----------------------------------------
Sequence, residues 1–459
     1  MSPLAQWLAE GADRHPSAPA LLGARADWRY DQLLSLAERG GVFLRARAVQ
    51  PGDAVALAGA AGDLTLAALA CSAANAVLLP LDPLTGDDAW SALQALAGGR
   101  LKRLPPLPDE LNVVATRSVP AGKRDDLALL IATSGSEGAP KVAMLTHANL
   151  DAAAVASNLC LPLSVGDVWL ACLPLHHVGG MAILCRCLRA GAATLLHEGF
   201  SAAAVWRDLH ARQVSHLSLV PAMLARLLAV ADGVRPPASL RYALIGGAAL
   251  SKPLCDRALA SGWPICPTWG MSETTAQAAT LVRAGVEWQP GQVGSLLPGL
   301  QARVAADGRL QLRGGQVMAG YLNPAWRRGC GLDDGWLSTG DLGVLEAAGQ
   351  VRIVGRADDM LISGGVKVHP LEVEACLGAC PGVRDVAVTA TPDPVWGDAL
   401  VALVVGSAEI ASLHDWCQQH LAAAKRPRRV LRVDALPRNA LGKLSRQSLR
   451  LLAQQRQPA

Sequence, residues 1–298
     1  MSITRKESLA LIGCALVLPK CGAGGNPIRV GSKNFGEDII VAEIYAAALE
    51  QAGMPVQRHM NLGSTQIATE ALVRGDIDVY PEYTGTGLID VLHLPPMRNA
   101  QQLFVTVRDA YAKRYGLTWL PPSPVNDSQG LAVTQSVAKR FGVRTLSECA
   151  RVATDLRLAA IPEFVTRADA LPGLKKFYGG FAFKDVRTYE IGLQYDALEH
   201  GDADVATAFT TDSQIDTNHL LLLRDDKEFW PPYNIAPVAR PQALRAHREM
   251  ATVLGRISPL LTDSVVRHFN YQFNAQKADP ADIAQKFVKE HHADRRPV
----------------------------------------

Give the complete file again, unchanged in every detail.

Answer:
Sequence, residues 1–459
     1  MSPLAQWLAE GADRHPSAPA LLGARADWRY DQLLSLAERG GVFLRARAVQ
    51  PGDAVALAGA AGDLTLAALA CSAANAVLLP LDPLTGDDAW SALQALAGGR
   101  LKRLPPLPDE LNVVATRSVP AGKRDDLALL IATSGSEGAP KVAMLTHANL
   151  DAAAVASNLC LPLSVGDVWL ACLPLHHVGG MAILCRCLRA GAATLLHEGF
   201  SAAAVWRDLH ARQVSHLSLV PAMLARLLAV ADGVRPPASL RYALIGGAAL
   251  SKPLCDRALA SGWPICPTWG MSETTAQAAT LVRAGVEWQP GQVGSLLPGL
   301  QARVAADGRL QLRGGQVMAG YLNPAWRRGC GLDDGWLSTG DLGVLEAAGQ
   351  VRIVGRADDM LISGGVKVHP LEVEACLGAC PGVRDVAVTA TPDPVWGDAL
   401  VALVVGSAEI ASLHDWCQQH LAAAKRPRRV LRVDALPRNA LGKLSRQSLR
   451  LLAQQRQPA

Sequence, residues 1–298
     1  MSITRKESLA LIGCALVLPK CGAGGNPIRV GSKNFGEDII VAEIYAAALE
    51  QAGMPVQRHM NLGSTQIATE ALVRGDIDVY PEYTGTGLID VLHLPPMRNA
   101  QQLFVTVRDA YAKRYGLTWL PPSPVNDSQG LAVTQSVAKR FGVRTLSECA
   151  RVATDLRLAA IPEFVTRADA LPGLKKFYGG FAFKDVRTYE IGLQYDALEH
   201  GDADVATAFT TDSQIDTNHL LLLRDDKEFW PPYNIAPVAR PQALRAHREM
   251  ATVLGRISPL LTDSVVRHFN YQFNAQKADP ADIAQKFVKE HHADRRPV